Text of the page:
Flaring intensity levels in SPDC in Nigeria decreased by about 35% in 2016 compared with 2015, due to improvements in asset reliability, but also due to production outages. Progress was also made on several gas-gathering projects, however, the planned start-up dates for two other gas-gathering projects continued to be delayed by security issues throughout 2016 and a lack of adequate joint-venture funding from our government partner for most of the year.
Now moving to shareholder resolutions. In 2015 the Board supported the Aiming for A resolution, and Shell continues to progress its work in this area. Last year we had the Follow This resolution asking for us to become a renewable energy company. This year Follow This has submitted resolution number 21. And I will come back to that later in this AGM.
Now let me first say something on the wider context of climate change. First of all, your company is a strong supporter of the Paris agreement. We believe it is the right way forward to coordinate the global response which is needed to limit warming of the planet to well below 2 degrees Celsius.
Paris was a major step forward. It clearly set a goal to reach, both in terms of emissions, and a limit to warming. It bound countries together in a process of national contributions towards the common aim of reducing global emissions. Nevertheless, we have to realise that this is only the beginning of an extremely complex and ambitious journey. Designing and implementing the policies that can deliver these ambitions is a significant challenge for the world.
Part of the challenge is dealing with all sources of greenhouse gas emissions. This is not just a fossil fuel story.
This chart gives a breakdown of the world greenhouse gas emissions for 2015. Total emissions were 52 gigatons. Out of this, 25% was related to land use change, agriculture and livestock. Another 7% of the emissions relate to industries such as cement where emissions are often part of the chemistry of the process. That leaves 68% of the global emissions for the global energy system. Around two-fifths (42%) of the energy system-related emissions are caused by electricity generation. A quarter are caused by transportation.
In order to keep global warming to well below 2 degrees Celsius the world needs to stop adding to the stock of greenhouse gasses in the atmosphere. The Paris agreement says this should happen during the second half of this century. At the same time, the world will see its population grow from 7.4 billion people today to nearly 10 billion by 2050. This population growth will take place as the UN Sustainable Development Goals are progressively met, an achievement which will raise standards of living. Even without the UN’s goals people will seek to better their lives, and this will increase global energy demand. This population growth, combined with rising standards of living, is likely to cause the consumption of primary energy to double by the end of the century. These trends can also be expected to cause expansions in the agricultural sector and in the demand for industrial products such as cement and steel.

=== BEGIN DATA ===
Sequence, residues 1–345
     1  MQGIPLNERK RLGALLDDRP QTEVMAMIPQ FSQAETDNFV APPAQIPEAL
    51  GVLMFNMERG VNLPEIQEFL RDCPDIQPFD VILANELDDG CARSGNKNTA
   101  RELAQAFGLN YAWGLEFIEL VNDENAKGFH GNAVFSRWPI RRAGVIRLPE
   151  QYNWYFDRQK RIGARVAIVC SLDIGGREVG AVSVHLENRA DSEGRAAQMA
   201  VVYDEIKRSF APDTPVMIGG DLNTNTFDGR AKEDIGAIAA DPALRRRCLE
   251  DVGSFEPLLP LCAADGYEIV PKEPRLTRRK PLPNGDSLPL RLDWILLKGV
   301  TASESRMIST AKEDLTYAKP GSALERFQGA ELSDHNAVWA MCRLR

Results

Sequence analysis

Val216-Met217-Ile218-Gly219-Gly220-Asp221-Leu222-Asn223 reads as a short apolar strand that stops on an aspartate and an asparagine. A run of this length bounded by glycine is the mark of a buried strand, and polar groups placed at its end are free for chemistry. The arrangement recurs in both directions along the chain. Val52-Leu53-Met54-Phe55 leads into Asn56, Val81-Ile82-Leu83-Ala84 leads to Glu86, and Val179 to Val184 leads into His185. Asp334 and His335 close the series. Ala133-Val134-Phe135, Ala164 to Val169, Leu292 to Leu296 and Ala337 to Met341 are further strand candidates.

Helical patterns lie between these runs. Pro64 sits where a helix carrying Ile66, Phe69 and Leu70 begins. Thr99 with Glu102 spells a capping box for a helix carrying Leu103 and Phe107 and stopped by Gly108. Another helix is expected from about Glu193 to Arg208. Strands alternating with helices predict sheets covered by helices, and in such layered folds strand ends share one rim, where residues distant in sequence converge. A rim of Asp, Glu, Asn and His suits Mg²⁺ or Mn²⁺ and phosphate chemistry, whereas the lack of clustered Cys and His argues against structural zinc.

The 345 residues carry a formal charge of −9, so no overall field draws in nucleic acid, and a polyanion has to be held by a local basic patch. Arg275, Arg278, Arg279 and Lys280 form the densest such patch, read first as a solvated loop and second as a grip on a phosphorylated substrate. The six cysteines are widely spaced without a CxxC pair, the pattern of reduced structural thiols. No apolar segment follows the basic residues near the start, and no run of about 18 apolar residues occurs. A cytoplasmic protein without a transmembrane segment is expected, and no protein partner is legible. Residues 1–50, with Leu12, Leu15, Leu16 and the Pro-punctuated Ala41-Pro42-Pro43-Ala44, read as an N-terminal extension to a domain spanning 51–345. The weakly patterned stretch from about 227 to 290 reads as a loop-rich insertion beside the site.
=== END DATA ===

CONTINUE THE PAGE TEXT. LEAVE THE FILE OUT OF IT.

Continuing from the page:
With the right policy framework in place, a world which has ceased adding to the amount of greenhouse gases in the atmosphere could become a reality, this is a net-zero emissions world. And this chart shows how such a world could be sourcing its energy needs.
Please note this is a world which has a much bigger total energy system, but that has nevertheless stopped adding to the atmospheric stock of emissions.
It is worth noting that electricity in this world is largely generated from solar, wind and nuclear. Also significant portions of the transport system have turned to electricity and hydrogen, but, there remains an important role for fossil fuels as well.
Fossil fuels continue to be used in those sectors where there is no medium term prospect of decarbonisation. This includes aviation, shipping, metallurgical processes, the chemical industry and other areas which need high heats of the kind only hydrocarbons can currently provide. This might leave us with up to 20 Gigatons of emissions.
But the carbon dioxide emissions that come from fossil fuel use must be dealt with. This is, after all, a world in which the greenhouse gases in the atmosphere are stable. How is this achieved?
First of all, some of this carbon ends up in the materials we use, everything from bitumen on the roads to plastic items in our houses.
Secondly, carbon capture and storage, or CCS, can extract the CO2 from industrial or power generation facilities and then store it safely underground. This prevents the CO2 from reaching the atmosphere. Shell has a CCS facility in Canada called Quest which can capture and store away over a million tonnes of CO2 a year.
Also, carbon can also be captured and stored through natural solutions, including forestry and sustainable land-use.
Finally, this net zero world needs to combine nature’s ability to take CO2 from the atmosphere and combine it with CCS. This means growing plants for biomass then using that biomass to generate energy or make products. By capturing the CO2 created in that process the carbon dioxide sucked from the atmosphere is never returned to it. The result is a net negative impact on the stock of emissions in the atmosphere.
Achieving this net zero world is a major challenge for society and will require an unprecedented level of collaboration between government, industry, and all classes of citizens. That, of course, includes Shell, but this task is too big for any single company.